Calls for concrete climate actions that truly make an impact. «Only that will save our sport», The Norwegian Biathlon Association says.
Narrow slopes made from artificial snow winding through green fields and plains has become everyday life for winter sport athletes. Today, The Norwegian Biathlon Association launches a new project in the fight against climate change.
«The Snow Crystal Project is a symbol for our impatience for climate measures and plans that truly contribute to saving our winters and our sport. We hereby encourage the politicians to work faster and develop credible action plans», says General Secretary of the Norwegian Biathlon Association, Morten Djupvik.
The Norwegian company DNV estimates that Norway only will manage to cut 25 percent of emissions by 2030, and not the 55 percent that is committed for. According to climate scientists at the Norwegian Institute of Meteorology, the capital Oslo has lost 21 snow days during the last 30 years. The Northern city of Tromsoe has lost 17.
«Today’s young talents in biathlon will be at their peak in the middle of the decade in chich the Climate Panel fear we will pass 1,5 degrees of global warming. Where will we find snow and skiing opportunities in Norway in the future? », the General Secretary of the Norwegian Biathlon Association, Morten Djupvik asks.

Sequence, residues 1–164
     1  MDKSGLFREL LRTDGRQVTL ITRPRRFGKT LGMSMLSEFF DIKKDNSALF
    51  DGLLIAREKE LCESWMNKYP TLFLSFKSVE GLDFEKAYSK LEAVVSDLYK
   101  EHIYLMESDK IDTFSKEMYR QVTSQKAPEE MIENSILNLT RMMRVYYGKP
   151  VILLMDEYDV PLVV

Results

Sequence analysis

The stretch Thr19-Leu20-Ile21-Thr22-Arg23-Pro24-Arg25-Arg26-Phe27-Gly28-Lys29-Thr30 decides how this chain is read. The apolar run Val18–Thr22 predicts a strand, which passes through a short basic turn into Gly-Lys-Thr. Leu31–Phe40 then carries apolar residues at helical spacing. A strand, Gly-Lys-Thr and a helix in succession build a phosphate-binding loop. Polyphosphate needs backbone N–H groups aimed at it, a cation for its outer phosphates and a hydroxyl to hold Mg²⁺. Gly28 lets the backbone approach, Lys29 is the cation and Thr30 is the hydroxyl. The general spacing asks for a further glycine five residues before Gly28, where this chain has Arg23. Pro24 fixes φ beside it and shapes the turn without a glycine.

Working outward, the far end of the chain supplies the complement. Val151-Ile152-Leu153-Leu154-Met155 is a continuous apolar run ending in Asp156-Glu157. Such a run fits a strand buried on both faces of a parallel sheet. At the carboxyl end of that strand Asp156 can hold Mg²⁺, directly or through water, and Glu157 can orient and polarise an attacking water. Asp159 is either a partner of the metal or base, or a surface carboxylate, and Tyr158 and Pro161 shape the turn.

The two biathletes Sturla Holm Laegreid and Ingrid Landmark Tandrevold are among the involved athletes.
«We are certainly part of the problem, and therefore we want to use our voice to highlight the issue. I want to try to save our winters, but I'm a biathlete - not a climate expert. Everyone has to contribute in their own way, and this is my contribution here today», says Sturla Holm Laegreid who is supported by teammate Landmark Tandrevold.
«Our message is that both the authorities, the corporate world and of course us in the sport industry must do more. Anyone who loves winter can join the campaign, and we hope this can inspire more people», says Ingrid Landmark Tandrevold.
The Norwegian Biathlon Association launches the project during the World Cup in Ruhpolding and marks the campaign through wearing a melting snow crystal on their jacket as a reminder that our winters are threatened, and as a call to politicians to "hurry up". «We are developing our own action plan to reduce our emissions where we look at four major factors: transport, food, snow production and equipment. We will involve the entire biathlon family and our partners so that the measures we agree on are well established when presented», says Morten Djupvik, secretary general of the Norwegian Biathlon Union.